There are tons of books out there on the subject of “sound recording,” but nearly all of them focus on the “content” — the recordings themselves– rather than the technology. The following books do provide detailed histories of the technology, and all of them show its relationships to the content as well.

The granddaddy of them all is Roland Gelatt’s book Fabulous Phonograph. First published in 1954, this book covers the invention of the phonograph and subsequent transition to discs. Now out of print but still available used.

Next came Read and Welch’s book From Tin Foil to Stereo. Their work covered not only the early days of the phonograph, but also recording technology in the motion pictures and, to some extent in radio. They also touched on tape recording and, in later editions, early video recording on disc. Long on technical detail and business history and dreary to read. The book was condensed, edited, and re-issued a few years ago, and while some of the details were corrected, I still like the first edition the best.

For the history of motion picture sound, the best available source is still a book published in the 1970s and long out-of-print; Ray Fielding’s Technological History of Motion Pictures and Television This consists of reprints of journal articles and is highly technical in nature. Also out of print but you can buy used copies from

More recently, Andre Millard has published America on Record, a very good general survey of the history of sound recording, with a strong emphasis on the technologies used for recording and reproducing music.

My own books on the subject cover both music and non-musical types of recording. The first was Off The Record: The Technology and Culture of Sound Recording in America, which does look at “studio” music recording techologies, but also the use of recording for use in radio broadcasting, office dictation, and telephone answering, among other things. I also explore the home taping phenomenon.

My most recent book, simply titled Sound Recording, covers all the major forms of sound recording, including its use in the motion pictures, as a portable entertainment technology, and the digital revolution.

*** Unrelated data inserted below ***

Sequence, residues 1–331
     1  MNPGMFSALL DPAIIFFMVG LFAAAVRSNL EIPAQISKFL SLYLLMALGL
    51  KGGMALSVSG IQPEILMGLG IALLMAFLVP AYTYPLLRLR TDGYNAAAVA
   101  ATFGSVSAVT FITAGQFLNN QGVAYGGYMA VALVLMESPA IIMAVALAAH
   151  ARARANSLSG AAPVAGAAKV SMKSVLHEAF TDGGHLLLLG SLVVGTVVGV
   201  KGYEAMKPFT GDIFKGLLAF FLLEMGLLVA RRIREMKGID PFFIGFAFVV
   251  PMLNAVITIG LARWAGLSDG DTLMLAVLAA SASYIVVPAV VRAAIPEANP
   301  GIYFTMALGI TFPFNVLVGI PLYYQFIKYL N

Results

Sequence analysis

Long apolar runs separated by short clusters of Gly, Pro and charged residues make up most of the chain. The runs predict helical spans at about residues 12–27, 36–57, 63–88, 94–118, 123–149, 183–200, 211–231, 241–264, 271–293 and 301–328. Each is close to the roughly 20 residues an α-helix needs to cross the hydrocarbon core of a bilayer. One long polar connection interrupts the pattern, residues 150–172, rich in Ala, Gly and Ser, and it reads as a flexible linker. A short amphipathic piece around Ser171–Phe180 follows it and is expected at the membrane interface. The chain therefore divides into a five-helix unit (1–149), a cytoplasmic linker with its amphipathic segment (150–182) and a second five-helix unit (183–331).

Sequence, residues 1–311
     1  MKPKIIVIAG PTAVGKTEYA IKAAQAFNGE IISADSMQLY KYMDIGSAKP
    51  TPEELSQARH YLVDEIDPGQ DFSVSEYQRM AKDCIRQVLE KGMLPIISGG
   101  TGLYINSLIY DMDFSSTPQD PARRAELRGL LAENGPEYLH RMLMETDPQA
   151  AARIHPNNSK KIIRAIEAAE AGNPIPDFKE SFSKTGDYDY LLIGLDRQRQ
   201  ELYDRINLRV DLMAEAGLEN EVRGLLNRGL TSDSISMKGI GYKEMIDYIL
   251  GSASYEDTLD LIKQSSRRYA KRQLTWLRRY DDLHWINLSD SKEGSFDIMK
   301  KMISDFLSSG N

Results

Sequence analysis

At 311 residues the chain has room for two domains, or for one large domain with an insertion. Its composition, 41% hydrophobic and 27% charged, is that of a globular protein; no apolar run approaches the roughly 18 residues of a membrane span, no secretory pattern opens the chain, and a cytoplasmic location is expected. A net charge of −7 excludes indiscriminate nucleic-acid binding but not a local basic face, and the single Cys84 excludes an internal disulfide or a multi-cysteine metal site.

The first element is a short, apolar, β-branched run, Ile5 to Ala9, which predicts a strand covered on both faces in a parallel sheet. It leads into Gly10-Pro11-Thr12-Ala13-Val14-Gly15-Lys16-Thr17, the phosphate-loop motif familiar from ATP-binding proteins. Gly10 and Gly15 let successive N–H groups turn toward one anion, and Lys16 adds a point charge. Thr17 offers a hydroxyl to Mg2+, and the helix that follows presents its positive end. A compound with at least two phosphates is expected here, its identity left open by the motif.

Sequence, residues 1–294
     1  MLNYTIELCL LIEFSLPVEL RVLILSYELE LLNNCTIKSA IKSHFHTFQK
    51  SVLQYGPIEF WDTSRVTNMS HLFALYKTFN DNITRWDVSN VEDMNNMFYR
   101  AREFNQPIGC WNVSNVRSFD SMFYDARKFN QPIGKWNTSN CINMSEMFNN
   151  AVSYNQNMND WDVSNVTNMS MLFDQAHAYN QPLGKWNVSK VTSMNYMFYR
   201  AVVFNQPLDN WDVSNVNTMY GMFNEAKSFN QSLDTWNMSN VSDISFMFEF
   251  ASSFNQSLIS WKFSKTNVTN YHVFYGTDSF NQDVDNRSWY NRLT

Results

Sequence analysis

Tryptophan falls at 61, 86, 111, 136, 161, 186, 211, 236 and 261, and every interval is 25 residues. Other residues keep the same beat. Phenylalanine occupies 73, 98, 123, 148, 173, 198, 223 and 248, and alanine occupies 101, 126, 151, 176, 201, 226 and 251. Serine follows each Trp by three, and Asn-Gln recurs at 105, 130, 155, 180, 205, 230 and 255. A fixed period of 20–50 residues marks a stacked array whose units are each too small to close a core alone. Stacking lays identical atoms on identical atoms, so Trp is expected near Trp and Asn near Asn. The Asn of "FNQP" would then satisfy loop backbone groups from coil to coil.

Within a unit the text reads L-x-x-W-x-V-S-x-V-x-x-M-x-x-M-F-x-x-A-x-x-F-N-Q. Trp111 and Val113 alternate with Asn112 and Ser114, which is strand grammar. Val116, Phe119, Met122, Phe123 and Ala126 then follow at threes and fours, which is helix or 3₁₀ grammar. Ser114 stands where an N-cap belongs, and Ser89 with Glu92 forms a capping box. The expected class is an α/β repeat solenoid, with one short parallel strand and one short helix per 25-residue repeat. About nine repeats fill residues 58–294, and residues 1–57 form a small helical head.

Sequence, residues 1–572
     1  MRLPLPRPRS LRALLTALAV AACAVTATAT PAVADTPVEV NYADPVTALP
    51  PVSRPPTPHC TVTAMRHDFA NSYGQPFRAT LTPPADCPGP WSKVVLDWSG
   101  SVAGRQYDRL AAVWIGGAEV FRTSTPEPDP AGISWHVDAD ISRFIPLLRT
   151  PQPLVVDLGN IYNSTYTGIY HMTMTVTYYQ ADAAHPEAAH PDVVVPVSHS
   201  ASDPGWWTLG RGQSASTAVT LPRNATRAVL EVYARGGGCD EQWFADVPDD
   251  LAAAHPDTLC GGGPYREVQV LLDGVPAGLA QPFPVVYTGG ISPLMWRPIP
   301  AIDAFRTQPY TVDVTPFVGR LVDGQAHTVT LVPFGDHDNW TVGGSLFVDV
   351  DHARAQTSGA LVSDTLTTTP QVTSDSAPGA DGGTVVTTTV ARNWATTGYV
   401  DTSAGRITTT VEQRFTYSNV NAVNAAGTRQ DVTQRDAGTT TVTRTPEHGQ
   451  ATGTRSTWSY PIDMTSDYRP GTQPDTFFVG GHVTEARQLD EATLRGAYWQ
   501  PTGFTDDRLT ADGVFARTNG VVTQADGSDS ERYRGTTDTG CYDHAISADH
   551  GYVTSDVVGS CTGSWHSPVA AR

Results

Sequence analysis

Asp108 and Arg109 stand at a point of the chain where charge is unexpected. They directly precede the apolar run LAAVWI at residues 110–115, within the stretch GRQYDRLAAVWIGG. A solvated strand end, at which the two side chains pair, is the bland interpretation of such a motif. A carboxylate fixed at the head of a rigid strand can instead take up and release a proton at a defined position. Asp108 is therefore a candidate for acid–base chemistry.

There are numerous other books available that contain chapters or sections related to the history of sound recording technology.

For the history of motion picture sound, try to find a copy of Belton and Weis, Film Sound, which has several sections on the early history of sound in the motion picture industry.

Another option is Douglas Gomery’s The Coming of Sound. Now, this book is primarily about the economic impact of sound, and it has some serious problems in the editing department, but the information is there, and Gomery is indisputably the leading scholar of sound recording technology in the motion picture industry. Plus, this is one of the few books on this list that is both still in print and reasonably priced.

A really interesting but hard-to-find (and expensive) book on the early phonograph is Koenigsberg’s Patent History of the Phonograph. It’s is simply a compilation of text and images taken directly from U.S. patents, which are now available online for free (once upon a time, that material was difficult and expensive to find!). But the author has done the hard work of finding many relevant patents and putting them into context.

Also on the pricey side is Eric Daniel’s book Magnetic Recording: The First 100 Years. This is a compilation by various experts in the field of computer, video, and audio recording on magnetic media.

Hard-to-find but worth the effort is Magnetic Recording: The Ups and Downs of a Pioneer, by an inventor whose work at the Brush Development Company in Cleveland led to some of the earliest audio and data tape recorders.

If you use the links above to purchase any of these titles, part of the proceeds will help support this site.